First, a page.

The plug-in is built on OpenGL and the CgFX toolkit. The surface materials of the 3D software are transparently emulated by CgFX shaders, including such effects as bump maps, environment maps, and shadows. One may also load CgFX shaders from .fx files. In this case, a graphical user interface is generated on the fly, letting the designer control a shader's tweakable parameters. This approach makes it possible to use the growing number of .fx shaders not only for game development but also as regular materials for high-quality rendering. They may also cast shadows onto objects carrying the emulated Cinema 4D material. Figure 34-2 shows this result for seven of the .fx shaders included in the NVIDIA CgFX plug-in for Maya. The figure also shows that various types of 3D objects can be treated in the same manner.


Figure 34-2 CgFX Shaders and an Emulated Cinema 4D Material with Shadows

34.2 Connecting Cinema 4D to CgFX

One minor hurdle occurs when one tries to use Win32, OpenGL, and CgFX calls together with Cinema 4D's C++ API: the corresponding header files conflict and cannot be included together due to type redefinitions. This problem is solved cleanly by introducing wrapper functions and classes. They encapsulate the employed functions and classes of the API.

For third-party programmers, Cinema 4D allows only limited access to its windows. To gain full control over device contexts, the plug-in builds its own Win32 threads. Its high-quality preview and its offline renderer operate concurrently with Cinema 4D; they use off-screen buffers and deliver their results via bitmaps to Cinema 4D's dialog boxes for display. This design allows, for instance, switching between different antialiasing (multisampling) modes on the fly. Furthermore, if the user resizes one of the windows, only the displayed bitmaps are rescaled, which leads to immediate visual feedback. This is not possible when re-rendering the scene on a resize event.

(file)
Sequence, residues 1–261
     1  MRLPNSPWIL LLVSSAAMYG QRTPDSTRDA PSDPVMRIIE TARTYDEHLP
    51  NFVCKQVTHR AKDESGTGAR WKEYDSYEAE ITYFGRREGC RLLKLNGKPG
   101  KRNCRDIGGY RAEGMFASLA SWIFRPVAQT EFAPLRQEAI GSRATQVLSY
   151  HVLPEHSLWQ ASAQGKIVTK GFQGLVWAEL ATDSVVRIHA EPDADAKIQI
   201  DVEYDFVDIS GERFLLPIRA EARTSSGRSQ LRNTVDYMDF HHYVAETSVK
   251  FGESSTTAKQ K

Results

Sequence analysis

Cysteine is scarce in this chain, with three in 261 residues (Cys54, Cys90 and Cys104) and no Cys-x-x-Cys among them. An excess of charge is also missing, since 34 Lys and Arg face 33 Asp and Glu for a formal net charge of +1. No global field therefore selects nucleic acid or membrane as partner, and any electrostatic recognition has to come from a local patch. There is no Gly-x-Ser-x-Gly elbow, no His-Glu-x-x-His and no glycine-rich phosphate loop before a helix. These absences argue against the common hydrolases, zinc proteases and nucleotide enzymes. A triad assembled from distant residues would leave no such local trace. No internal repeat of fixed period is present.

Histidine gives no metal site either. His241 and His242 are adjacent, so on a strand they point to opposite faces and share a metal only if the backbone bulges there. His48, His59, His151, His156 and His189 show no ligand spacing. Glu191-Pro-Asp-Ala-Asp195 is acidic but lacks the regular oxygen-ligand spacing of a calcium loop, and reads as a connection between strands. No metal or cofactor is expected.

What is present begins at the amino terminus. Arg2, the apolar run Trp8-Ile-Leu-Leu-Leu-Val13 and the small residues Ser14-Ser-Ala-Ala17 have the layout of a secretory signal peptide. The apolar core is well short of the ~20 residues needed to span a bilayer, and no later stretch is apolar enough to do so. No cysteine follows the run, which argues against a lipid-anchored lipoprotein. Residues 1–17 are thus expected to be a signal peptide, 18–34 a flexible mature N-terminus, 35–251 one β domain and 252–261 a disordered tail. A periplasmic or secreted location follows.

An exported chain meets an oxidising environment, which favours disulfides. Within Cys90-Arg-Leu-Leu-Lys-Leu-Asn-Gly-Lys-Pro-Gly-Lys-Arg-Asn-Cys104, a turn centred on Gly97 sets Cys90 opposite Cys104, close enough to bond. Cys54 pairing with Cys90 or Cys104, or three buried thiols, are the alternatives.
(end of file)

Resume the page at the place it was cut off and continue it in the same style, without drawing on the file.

Thanks to multithreading, the user can work in the construction windows without waiting for the interactive or the offline renderer to finish. However, this concurrent operation means that the plug-in has to receive a cloned copy of the scene. Otherwise, the plug-in might try, for instance, to access objects that the user has just deleted.

The plug-in uses the CgFX framework to build shaders and render scenes with them. Each time the interactive renderer is invoked for a frame or the offline renderer is invoked for a frame sequence, for all materials, instances of ICgFXEffect are built either from .fx files or by emulating the standard Cinema 4D material (more on that below). During rendering, the corresponding ICgFXEffect is invoked for each object. Each render pass of the CgFX framework calls an OpenGL indexed vertex array. This includes normal and (multi)texture coordinate arrays.